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Geophysics vs. Medical Physics

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Main Question or Discussion Point

I am having a difficult time choosing which path to follow in school. Does anyone have, or know anyone with experience in either of the titular fields?
Also, can one, with an undergraduate BSc in Physics, pursue either of the fields in graduate school?
Since my interest lies in physics, and I don't want to enter academia as a vocation, I want to enter a field that uses the applications of physics and is lucrative enough to foster a comfortable living. As for engineering, that's on the backburner for now. These 2 fields intrigue me the most at the moment.
 

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  • #2
Choppy
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Also, can one, with an undergraduate BSc in Physics, pursue either of the fields in graduate school?
Yes. In fact, as least if your goal is medical physics, I would tend to be careful of any undergraduate program that specializes too much. I've seen a few programs that try to specialize the undergraduate experience so much they end up watering down the physics component, which doesn't do the student any favours later on, in my experience. That's not to say a little bit of specialization is bad. I think it's important to explore the fields you're interested in as much as you can as an undergrad.
 
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I can't say much for either of these as I'm still in undergrad myself... I can say that after reading various things about medical physics programs such as this: http://www.physicsgre.com/viewtopic.php?f=3&t=2466
I've decided that it probably isn't quite what I'm looking for. I'm actually more interested in biophysics I've found. I'm also considering geophysics and have only heard great things about the field.
 
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I can't say much for either of these as I'm still in undergrad myself... I can say that after reading various things about medical physics programs such as this: http://www.physicsgre.com/viewtopic.php?f=3&t=2466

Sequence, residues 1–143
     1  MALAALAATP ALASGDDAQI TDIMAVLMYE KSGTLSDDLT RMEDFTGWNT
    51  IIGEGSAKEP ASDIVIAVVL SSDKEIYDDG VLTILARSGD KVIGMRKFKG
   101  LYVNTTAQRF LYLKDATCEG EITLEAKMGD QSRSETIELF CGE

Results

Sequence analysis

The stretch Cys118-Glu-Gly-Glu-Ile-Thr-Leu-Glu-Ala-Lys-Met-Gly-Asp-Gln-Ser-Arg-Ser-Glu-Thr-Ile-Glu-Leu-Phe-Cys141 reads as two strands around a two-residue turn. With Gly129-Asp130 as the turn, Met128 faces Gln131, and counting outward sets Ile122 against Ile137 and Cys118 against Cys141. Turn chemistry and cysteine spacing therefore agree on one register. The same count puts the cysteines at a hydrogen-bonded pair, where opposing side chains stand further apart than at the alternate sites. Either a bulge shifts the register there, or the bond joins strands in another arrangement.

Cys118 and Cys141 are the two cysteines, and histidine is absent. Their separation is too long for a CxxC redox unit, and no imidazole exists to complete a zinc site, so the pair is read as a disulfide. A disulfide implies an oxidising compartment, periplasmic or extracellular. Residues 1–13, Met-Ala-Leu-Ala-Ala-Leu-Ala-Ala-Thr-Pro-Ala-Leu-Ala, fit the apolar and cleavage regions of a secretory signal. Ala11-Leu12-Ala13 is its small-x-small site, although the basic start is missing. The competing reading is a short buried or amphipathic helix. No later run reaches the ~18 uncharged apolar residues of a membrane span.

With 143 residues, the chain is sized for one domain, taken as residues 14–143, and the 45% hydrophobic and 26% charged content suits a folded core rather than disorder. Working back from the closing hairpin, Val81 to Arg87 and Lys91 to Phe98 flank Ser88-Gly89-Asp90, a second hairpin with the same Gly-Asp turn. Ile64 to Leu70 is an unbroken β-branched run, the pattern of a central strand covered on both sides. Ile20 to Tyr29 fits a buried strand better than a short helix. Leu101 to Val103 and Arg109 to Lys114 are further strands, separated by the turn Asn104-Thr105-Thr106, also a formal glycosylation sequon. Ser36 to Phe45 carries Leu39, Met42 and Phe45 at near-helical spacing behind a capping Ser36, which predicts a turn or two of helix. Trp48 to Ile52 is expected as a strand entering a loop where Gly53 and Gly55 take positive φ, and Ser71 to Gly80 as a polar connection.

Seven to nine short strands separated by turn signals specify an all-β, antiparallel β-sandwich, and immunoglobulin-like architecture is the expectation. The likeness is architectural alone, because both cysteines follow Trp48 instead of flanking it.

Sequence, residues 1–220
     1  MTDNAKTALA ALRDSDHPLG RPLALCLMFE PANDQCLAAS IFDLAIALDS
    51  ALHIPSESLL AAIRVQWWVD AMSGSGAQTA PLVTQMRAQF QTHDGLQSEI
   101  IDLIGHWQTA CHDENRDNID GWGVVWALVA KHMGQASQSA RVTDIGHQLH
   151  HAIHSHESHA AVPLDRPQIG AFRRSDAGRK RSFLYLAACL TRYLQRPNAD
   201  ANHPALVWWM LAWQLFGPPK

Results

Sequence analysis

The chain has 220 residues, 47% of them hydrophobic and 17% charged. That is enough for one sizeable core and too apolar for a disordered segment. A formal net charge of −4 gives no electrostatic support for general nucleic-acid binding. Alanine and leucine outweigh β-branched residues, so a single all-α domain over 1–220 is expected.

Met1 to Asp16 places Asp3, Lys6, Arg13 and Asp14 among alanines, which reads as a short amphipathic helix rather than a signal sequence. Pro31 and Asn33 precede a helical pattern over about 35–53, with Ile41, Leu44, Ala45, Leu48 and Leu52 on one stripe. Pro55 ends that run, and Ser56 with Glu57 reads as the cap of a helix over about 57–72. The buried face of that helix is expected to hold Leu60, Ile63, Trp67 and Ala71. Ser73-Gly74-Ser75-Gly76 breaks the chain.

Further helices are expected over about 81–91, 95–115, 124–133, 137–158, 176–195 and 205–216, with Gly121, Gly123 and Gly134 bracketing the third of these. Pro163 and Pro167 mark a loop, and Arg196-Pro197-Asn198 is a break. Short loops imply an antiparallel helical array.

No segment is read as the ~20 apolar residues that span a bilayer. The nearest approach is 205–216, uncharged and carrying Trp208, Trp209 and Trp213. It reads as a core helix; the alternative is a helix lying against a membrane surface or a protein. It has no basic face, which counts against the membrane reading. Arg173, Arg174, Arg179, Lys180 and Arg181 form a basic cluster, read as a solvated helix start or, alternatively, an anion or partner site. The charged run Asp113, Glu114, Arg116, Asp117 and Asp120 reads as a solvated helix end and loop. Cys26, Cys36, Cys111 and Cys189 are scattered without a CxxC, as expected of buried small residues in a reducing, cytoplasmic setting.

I've decided that it probably isn't quite what I'm looking for. I'm actually more interested in biophysics I've found. I'm also considering geophysics and have only heard great things about the field.
Ya, I browsed some threads on both geophysics and medical physics. The former seems like a field I'd enjoy, as well, since I like the physicality involved in the field work and travelling to various locations...always moving..Anyways, are you currently majoring in physics?
 
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Ya, I browsed some threads on both geophysics and medical physics. The former seems like a field I'd enjoy, as well, since I like the physicality involved in the field work and travelling to various locations...always moving..Anyways, are you currently majoring in physics?
Yes, I'm majoring in physics but I'm only in my second year so don't take anything I say too seriously :tongue:
I'm also drawn to the field component of geophysics. My interest in science was sparked due to a field biology research experience in high school where I was able to be outdoors and interact with birds. Since then my interests have shifted dramatically towards math/physics but I would love to find an interesting field that would combine the quantitative aspects with field work and travel. Honestly, the only thing that really caught my attention for medical physics was the salary.. But I'm in no way interested in clinical work so I've quickly discovered that MP may not be the best route for me, personally.
 
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In Geophysics it's all about the data -- noise filtering, time series analysis, stuff like that. You do a lot of field work (from day trips to a whole month), but spent the majority of your remaining time processing this data. So expect a lot of data analysis, lots of programming and of course the field work. Travel seems like a nice perk, but don't forget that you usually focus on one subject (= country/zone) at a time, so you only travel within that region. You don't get a free pass to travel around the world, so keep that in mind.

In medical physics it depends more on your research topic. If you happen to get into a lab with some state of the art machine, then, well, you do a lot of lab work and data processing as well. In the end you won't process as much data as with geophysics though. There's more models and simulations going on as well, mostly to understand your data.

Future prospects are fantastic for both specializations. Basically any large oil company is always looking for geophysicists. Putting potential ethical issues aside, you should again keep in mind that you don't choose where you travel when working for a large company like this. You might be send off to a not-so-nice location for 9 months. The money is great, but you should be OK with these travel arrangements. Medical physics speaks for itself -- hospitals and so on.
 

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